Melting Pot (or Not?): Democracy and Cultural Diversity


Melting PotI’m in the middle of reading Kenneth Minogue’s new book, and so far it is all-around brilliant.

The basic premise is that democracy has wrongly evolved from a mere process to a supreme ideal. More and more, Minogue argues, the West is substituting individual moral responsibility for a superficial form of collective salvation. In short, decisions at the ballot box have subtly become the supreme authority on moral truth.

I’ll be reviewing the book in the near future, but at the moment I wanted to focus on a point Minogue makes in a chapter called “Democratic Ambiguities.” In the chapter, Minogue highlights various elements we need to understand before holistically evaluating democracy. One of Minogue’s many points therein centers around the social conditions necessary for successful democracy. One of those conditions, in Minogue’s view, is cultural homogeneity.

As Minogue writes:

…[T]he ideal of democracy has little purchase on plausibility unless “the whole people” is a relatively homogeneous set of people who “speak the same language” (even if it is only in a metaphorical sense, as in states such as Spain, Switzerland, and Belgium).

But what about the claim that there is no definitive “American culture”? Minogue apparently disagrees:

The United States established its cultural homogeneity as virtually a condition of admission to its shores. A pays politique can hardly exist unless individuals share similar sources of information and talk to each other in mutually comprehensible terms.

To prove his point, Minogue offers several examples where democracy has failed due to competing cultural (or “tribal”) forces. By examining situations in Lebanon, Spain, Northern Ireland, and Africa (no country in particular), Minogue concludes that some degree of cultural homogeneity is necessary for a well-functioning democratic society:

The idea of democracy and the idea of cultural diversity (as promoted by multicultural doctrine) are thus contradictory ideas. The classic cases of democratic failure have been states composed of radically different tribes or sets of people in which the possibility of accommodation under a rule of law will not work because one group can only understand rule by the other as a form of oppression.

In other words:

You cannot have a democracy without having a people, and they must be a population that treats each other as individuals rather than as collective enemies and rivals.

On this blog, I have often touted James Madison’s views on federalism as an ideal way for (sub)cultures to compete (e.g. on matters related to gay marriage). The beauty of federalism is that it not only paves a way for eventual cultural homogeneity to be achieved, but that it allows for the losers to re-compete or take their arguments elsewhere (to Texas, for example).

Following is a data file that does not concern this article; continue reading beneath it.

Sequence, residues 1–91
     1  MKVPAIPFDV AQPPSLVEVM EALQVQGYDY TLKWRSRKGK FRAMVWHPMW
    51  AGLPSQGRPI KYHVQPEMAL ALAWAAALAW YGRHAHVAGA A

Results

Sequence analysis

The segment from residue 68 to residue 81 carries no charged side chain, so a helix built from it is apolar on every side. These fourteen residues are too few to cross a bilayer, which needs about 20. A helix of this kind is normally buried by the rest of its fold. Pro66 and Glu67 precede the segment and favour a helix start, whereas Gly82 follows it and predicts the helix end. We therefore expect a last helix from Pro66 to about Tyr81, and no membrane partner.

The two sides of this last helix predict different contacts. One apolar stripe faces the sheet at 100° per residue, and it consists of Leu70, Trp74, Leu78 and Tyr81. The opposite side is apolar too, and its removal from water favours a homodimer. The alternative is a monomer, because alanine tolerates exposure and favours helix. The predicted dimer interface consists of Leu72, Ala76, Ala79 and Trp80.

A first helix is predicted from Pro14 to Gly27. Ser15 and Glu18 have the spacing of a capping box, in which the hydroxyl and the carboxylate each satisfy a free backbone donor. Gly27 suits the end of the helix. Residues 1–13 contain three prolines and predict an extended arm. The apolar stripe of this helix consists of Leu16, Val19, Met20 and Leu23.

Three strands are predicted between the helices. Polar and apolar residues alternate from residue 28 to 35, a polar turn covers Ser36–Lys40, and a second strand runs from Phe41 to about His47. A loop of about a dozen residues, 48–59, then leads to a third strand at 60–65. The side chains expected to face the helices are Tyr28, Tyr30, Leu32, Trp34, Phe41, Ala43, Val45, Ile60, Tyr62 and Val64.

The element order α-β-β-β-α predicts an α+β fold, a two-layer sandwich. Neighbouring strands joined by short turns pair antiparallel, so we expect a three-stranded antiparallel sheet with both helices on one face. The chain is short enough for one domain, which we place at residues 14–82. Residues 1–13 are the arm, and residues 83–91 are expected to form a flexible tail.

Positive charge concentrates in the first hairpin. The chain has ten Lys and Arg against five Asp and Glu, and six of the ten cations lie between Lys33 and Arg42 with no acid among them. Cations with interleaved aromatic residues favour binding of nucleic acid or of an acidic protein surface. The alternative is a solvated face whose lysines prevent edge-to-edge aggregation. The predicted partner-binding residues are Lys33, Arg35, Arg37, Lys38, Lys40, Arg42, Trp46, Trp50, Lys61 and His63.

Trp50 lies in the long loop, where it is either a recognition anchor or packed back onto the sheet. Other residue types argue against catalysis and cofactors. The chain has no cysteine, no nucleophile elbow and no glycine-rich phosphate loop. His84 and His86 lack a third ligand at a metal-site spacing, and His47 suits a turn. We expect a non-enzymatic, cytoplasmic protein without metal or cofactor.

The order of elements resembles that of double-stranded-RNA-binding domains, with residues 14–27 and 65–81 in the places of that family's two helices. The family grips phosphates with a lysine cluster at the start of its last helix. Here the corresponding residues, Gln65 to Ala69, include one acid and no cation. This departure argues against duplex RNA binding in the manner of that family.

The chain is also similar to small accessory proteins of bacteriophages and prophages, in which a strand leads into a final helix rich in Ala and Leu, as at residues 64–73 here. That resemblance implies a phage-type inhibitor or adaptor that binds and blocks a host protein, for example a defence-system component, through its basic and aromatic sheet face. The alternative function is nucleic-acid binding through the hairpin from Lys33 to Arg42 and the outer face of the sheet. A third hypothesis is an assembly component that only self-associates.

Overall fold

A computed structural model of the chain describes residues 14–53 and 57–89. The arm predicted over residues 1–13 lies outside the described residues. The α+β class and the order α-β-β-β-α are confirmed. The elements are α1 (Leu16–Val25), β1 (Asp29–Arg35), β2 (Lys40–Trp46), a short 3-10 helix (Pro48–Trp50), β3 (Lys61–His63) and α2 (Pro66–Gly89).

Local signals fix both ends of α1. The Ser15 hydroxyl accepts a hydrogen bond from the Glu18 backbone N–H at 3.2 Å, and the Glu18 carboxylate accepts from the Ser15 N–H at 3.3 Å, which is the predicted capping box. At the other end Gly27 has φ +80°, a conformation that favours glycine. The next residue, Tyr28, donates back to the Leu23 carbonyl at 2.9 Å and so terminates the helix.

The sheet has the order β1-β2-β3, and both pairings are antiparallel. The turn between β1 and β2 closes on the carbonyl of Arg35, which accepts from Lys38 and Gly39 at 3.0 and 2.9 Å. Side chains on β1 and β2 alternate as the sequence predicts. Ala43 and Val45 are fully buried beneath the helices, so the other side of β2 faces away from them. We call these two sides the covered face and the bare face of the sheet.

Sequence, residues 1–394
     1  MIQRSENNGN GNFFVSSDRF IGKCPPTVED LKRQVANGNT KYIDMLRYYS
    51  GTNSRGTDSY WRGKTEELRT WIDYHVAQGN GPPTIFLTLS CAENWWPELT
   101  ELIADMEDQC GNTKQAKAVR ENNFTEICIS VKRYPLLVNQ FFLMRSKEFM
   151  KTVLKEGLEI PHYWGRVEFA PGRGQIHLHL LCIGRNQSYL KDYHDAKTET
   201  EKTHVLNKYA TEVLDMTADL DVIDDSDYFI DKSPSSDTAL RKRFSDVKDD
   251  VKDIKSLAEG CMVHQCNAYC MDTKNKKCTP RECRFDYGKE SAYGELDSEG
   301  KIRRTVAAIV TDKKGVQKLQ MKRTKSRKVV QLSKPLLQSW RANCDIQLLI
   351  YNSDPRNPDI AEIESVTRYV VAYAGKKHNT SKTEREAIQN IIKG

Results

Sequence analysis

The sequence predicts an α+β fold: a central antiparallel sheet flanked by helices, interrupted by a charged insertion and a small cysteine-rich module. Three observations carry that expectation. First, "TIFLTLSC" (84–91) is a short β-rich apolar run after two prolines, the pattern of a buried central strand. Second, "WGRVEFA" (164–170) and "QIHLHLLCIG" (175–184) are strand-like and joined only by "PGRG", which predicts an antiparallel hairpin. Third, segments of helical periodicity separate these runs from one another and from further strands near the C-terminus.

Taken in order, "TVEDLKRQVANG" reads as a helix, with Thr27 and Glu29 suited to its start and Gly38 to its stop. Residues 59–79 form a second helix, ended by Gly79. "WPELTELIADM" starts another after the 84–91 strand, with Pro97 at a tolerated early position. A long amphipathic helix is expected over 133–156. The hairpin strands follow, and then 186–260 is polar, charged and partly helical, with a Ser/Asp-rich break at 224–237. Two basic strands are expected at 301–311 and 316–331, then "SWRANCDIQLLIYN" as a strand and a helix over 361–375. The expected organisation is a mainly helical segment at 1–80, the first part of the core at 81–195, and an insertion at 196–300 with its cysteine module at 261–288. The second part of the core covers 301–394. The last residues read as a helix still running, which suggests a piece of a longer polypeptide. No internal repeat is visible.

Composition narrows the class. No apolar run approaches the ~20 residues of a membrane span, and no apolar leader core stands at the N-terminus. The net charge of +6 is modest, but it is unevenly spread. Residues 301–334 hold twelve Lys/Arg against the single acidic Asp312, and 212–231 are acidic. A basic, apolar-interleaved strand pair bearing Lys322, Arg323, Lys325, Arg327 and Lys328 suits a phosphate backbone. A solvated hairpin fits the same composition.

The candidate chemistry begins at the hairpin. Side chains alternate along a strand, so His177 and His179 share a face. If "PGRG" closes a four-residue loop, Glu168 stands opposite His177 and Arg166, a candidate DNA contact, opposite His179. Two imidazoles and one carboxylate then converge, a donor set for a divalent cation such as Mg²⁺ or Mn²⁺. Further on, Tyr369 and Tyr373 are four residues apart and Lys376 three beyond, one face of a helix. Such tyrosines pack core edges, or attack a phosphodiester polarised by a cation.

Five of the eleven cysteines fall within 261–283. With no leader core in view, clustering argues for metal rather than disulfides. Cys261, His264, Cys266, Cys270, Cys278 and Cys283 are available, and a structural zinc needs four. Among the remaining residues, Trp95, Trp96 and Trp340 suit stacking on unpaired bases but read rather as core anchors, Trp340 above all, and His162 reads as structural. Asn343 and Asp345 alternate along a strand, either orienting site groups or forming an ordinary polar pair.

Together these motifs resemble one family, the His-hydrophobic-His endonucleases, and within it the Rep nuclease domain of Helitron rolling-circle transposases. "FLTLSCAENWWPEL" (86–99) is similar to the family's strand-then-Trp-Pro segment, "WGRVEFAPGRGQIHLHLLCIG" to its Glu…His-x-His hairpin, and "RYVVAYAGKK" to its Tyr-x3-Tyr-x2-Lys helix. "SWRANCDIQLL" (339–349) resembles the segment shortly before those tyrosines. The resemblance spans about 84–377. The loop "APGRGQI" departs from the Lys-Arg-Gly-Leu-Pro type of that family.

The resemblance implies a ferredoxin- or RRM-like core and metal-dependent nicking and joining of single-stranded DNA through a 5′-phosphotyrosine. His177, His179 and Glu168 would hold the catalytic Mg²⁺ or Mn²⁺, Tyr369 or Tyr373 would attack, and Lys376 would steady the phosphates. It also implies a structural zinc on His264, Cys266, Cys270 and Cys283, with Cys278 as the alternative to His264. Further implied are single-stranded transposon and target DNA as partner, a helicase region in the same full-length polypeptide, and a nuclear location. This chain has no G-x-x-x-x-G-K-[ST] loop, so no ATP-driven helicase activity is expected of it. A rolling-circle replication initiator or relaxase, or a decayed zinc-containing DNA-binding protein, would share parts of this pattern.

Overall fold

In this respect, this view jives with Minogue’s overall point about democracy as a process rather than an ideal. (When do we cede to “process” rather than proclaim “morality!!!”?) But there is a certain aspect of federalism that seems to oppose (or at least, challenge) Minogue’s view of Democratic Necessities 101. If cultural homogeneity is essential for healthy democracy, why should we endorse a federalistic outlook that results in a country filled with disagreeing states (or “cultures”). Why should we allow for “voting with your feet” when we could pick one winner and stick with it? It seems that for federalism to meet Minogue’s criteria we need to see it as a way to efficiently allocate cultural homogeneity. Certain matters depend on the locales — indeed, most matters do — and others reside with the federal government.

The Servile Mind: How Democracy Erodes the Moral Life by Kenneth MinogueFederalism is a beneficial model for democracy because it allows for both cultural homogeneity and cultural diversity. In both cases, it results in a more authentic society — one that primarily wages its battles where they count: closest to home. But what if such an institutionalized struggle becomes so energetic that it leads to widespread chaos and disarray? What if our  policy warfare leads to cultural implosion rather than eventual cultural cohesion.

The bigger and more important questions seem to be these:

What are the most essential building blocks for democracy to thrive healthily? What is the basic “language” we all need to speak to get along in the day-to-day, despite our varying moral disagreements? What, in American society, belongs to the federal government?

I have a feeling Minogue will provide his own answers to these questions as I continue reading, but I’m interested in your initial thoughts. I myself think the answer has to do with ensuring the promotion of Radical Individualism and True Community (surprise, surprise!), but what do you think?

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